Be the Poet
Students draft their own examples of Haiku poetry.
- Grades: 6–8
- Unit Plan:
Students will apply what they have learned about Haiku poetry, and follow the basic rules to develop their own poetry. Using a Haiku organizer, students will identify the dominant impression, seasonal theme, and mood of their poetry. The timing may need to be flexible. Plan on two periods minimally to work on the poetry, and one period to create presentation folders.
- Employ relevant pre-writing strategies and organizational techniques.
- Identify literary elements, such as mood and dominant impression.
- Apply knowledge to create Haiku poetry.
- Create appropriate visual presentations.
- Haiku Organizer (PDF)
- Haiku examples
- 11 x 17 sheets of paper to make presentation folders
- Art supplies
Set Up and Prepare
- Make a class set of the Haiku Organizer (PDF)
- Prepare in advance a Haiku to model
- Prepare a presentation folder to model (this can be decorated with Japanese symbols, drawings, magazine clippings, Haiku and Haiku themes, clip art, etc.)
Part I (Days One or Two)
Step 1: Review information learned from the previous lessons.
Step 2: Distribute copies of the Haiku Organizer (PDF).
Step 3: Explain to the class that they are to work through the steps on the organizer to determine the mood, dominant impression, and seasonal word to write eight Haiku poems about a theme of their choosing.
Step 4: Brainstorm possible themes. Students may need help with choosing a theme, so ask for ideas and compile a list on the board. Students can chose one of the suggested themes, or come up with their own idea. Some suggested themes: sports, animals, school, family, friendship, war, nature, technology, loneliness, and food.
Step 5: Model the step-by-step writing of a Haiku using the graphic organizer. It might be helpful to read more examples. As you read the poetry, have students count the syllables, and discuss the mood, impression and seasonal word. Model the teacher created Haiku on the board, or overhead. Show how you chose the elements for your haiku by working through the organizer. Demonstrate that it might be necessary to reword lines to fit the syllable pattern. For example: “Mosquitoes at twilight” can become “Mosquitoes at dusk” to fit a 5-syllable line.
Part III (Days 3 or once the majority of the class has finished their poetry)
Step 1: Present a model of the Presentation Folder to the class. This should include the completed Haiku poems and the Haiku Organizer (PDF).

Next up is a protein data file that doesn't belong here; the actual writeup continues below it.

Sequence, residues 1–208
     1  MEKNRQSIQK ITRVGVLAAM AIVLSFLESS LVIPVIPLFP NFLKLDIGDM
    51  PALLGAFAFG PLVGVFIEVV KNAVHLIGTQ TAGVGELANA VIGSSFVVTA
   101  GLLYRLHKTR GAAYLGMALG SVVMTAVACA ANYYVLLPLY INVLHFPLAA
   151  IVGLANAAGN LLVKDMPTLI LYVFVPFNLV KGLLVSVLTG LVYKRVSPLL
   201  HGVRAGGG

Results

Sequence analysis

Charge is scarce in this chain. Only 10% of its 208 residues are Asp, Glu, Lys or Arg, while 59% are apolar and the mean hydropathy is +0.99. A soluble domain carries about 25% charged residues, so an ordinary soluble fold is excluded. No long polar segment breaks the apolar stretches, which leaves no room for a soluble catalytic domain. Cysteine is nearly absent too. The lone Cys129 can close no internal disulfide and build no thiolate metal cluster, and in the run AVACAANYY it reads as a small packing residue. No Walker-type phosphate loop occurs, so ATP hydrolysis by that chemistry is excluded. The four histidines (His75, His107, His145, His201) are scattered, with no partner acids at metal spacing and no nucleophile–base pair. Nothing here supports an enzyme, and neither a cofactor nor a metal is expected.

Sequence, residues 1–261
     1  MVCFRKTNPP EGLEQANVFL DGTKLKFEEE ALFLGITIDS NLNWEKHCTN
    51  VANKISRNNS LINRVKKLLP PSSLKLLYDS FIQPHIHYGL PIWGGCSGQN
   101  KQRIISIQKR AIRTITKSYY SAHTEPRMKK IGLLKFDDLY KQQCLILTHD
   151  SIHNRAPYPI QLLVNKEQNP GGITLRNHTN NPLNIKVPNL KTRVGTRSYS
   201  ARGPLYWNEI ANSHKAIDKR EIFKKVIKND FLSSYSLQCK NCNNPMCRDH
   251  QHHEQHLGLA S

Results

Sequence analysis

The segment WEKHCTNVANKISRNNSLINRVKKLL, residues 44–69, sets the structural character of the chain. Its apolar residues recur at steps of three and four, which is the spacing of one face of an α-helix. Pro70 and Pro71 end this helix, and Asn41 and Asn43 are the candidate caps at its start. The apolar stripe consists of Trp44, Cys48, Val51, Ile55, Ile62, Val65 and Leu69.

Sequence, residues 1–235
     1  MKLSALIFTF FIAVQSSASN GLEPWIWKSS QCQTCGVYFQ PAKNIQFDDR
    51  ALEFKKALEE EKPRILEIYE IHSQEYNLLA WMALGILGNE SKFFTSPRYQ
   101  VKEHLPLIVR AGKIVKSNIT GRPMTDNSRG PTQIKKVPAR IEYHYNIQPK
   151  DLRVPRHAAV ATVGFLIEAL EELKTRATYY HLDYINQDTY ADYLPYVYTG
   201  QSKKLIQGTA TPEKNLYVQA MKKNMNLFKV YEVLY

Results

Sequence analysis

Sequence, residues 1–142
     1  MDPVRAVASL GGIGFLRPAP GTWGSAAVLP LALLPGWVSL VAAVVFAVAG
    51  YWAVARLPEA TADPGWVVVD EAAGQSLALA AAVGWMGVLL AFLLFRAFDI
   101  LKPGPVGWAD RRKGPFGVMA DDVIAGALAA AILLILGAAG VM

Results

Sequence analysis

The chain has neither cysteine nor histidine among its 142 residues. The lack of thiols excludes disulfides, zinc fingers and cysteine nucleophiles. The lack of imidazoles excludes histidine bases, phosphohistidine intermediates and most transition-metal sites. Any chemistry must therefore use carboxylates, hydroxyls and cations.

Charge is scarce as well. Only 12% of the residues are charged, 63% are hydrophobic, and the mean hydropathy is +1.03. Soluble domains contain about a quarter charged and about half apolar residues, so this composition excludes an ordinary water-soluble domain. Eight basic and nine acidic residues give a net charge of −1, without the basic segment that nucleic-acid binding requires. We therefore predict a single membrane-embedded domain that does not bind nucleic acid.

Step 2: Students create presentation folders for their work. They should decorate the outside of the folder with drawings that represent the theme, or anything pertaining to Haiku and Samurai.
Step 3: Students may present their work to the class on a special Japanese culture day. Ideas for this are endless, some that work well are:
- Food! Something simple like rice with chopsticks is great…or go all out with a cultural buffet.
- Music – set the mood with Asian soundtracks
- Decorations and clothing – set a festive mood.
- Leave your shoes at the door and sit on the floor!
Supporting All Learners
Struggling writers can be given a shorter assignment with writing prompts on the graphic organizer. ESL students can write poems in their first language, and tell the class what it means in English.
Now that you’ve mastered Haiku, try your hand at Senryu.
Display the work for a parent night, and then send the folder home for a keepsake.
- Use the Haiku Organizer (PDF) to develop a theme and write 8 Haiku poems
- Prepare a folder to present the completed poems and organizer
- What can I add overall to the Haiku lesson to improve meaning to my class?
- What classroom management problems occurred during the lessons, and how can these be solved?
- Was the method of assessment valid and fair to all students?
- How should I modify the lesson to meet the needs of all my students?
Assessment of the assignment is based on completion of the writing activity by following the directions, completion of the presentation folder, and use of the graphic organizer. For this assignment it may be more productive to grade based on participation rather than the quality of poetry.